Managing Fatigue

Managing Fatigue

Check in with yourself!

Cancer fatigue can affect people physically, emotionally, and mentally. Here you can check in with yourself and we’ll give you some helpful tips and ideas that may help.

  • Choose activities that you will enjoy and fit in your daily life.7
  • Often, people living with cancer fatigue can end up spending their energy on things they think they ‘should’ or ‘have to’ do. But prioritising things you enjoy can help recharge your energy and help you feel better.
  • If you want help prioritising what to do, check out our My Life My Priorities for people with cancer fatigue.
  • Keeping track of your actions using the Health Tracker can help you stay motivated and boost your energy. Download the app here.

Always discuss with your healthcare provider before starting a new exercise or activity.

Tired woman yawning
I have trouble sleeping
Man in a room staring into the distance
I find it hard to get through the day
Woman reading and massaging her temple
I feel overwhelmed and stressed
Man in pain massaging his neck
I experience continuous pain

Planning a good night’s sleep

You may have trouble getting to sleep, wake up very early or during the night. Sleepless nights can leave you feeling drained, anxious and dazed. Getting too much sleep is not helpful either. There are ways to help you sleep better. Better sleep means more energy. If you often can't sleep, it is also important to speak to your doctor. Here are ideas to sleep better.

  • Keep regular sleep hours:  go to bed at roughly the same time each night, even at the weekends. This sends the message to your mind and body that it is time to rest. Also, get up at the same time every morning, even after a bad night.11
  • Bedtime routine: have a hot shower or a warm bath with relaxing bath salts, listen to quiet music, read a book. Limit the amount of screen time an hour before bed.19
  • Create a cosy, peaceful environment: adjust the temperature, use ear plugs to block out noise, change your pillow, turn your phone on silent and move it away from your bed. You can also use an eye cover to block out light.12,19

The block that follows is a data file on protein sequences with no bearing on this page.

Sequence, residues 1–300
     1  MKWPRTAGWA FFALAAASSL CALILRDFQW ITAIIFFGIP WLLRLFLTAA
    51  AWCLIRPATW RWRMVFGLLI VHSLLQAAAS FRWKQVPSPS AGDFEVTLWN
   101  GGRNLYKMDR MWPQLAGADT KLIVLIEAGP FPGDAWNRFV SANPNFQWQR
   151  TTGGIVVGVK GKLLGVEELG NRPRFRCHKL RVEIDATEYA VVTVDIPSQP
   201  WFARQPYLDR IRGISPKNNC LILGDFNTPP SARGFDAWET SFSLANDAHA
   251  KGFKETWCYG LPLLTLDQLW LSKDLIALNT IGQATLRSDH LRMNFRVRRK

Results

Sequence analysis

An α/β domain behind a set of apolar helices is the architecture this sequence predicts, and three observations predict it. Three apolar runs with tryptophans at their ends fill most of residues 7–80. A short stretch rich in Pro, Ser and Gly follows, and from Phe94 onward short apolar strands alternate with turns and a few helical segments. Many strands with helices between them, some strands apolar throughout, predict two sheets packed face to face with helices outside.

• Keep a pen and paper next to your bed: if you lie in bed thinking about worries and frustration, write them down so that you can make a plan for dealing with them the next day. Remember, it’s better not to look at screens during the night!19
  • Limit napping during the day: naps can be a useful way to boost energy, but sometimes they can throw off night-time sleep. Commit to keeping naps short at 10 to 20 minutes. You can take as many naps as you need throughout the day, but it is usually better to not nap too close to bedtime.13

Consider consulting your Healthcare Professional if you are worried about your sleep.

Mindfulness and relaxation

  • Mindfulness can help you unwind, quieten a busy mind and contribute to your wellbeing. Instead of trying to fall asleep, it’s often easier to simply relax. Meditation, mindfulness, paced breathing, and other relaxation techniques can put you in the right mindset for bed.10,12

Sleep apps and websites:

Here is a list of useful apps and websites to track your sleep and provide you with more information on sleep:

How to get to sleep - NHS (

Connect your smart phone health app data to track sleep with the ByYourSide app health tracker. Download the app HERE

Physical activity

Low energy from cancer fatigue can affect you physically, emotionally and mentally.  When you feel exhausted even everyday tasks can be hard work.

Doing exercise may seem overwhelming. But staying active can help boost your energy levels. It’s important that you listen to your body and take it at your own pace. Easy at first and increase activity slowly over many days.

You should always talk to your doctor before starting a new exercise. Certain cancers and treatments mean you need to be extra careful, such as those affecting your bones, your immune system, or your sensations (e.g. loss of sensation or pins and needles). After surgery, you should only do exercises recommended by your doctor. Here are some activities that have been found to help other people affected by cancer fatigue.7,14

  • Aerobic exercise means “with oxygen.” During aerobic exercise, your breathing and heart rate increase. This supports your heart and circulatory system and can help improve cancer fatigue.7,14,15 You may want to do some gentle walking, cycling or dancing.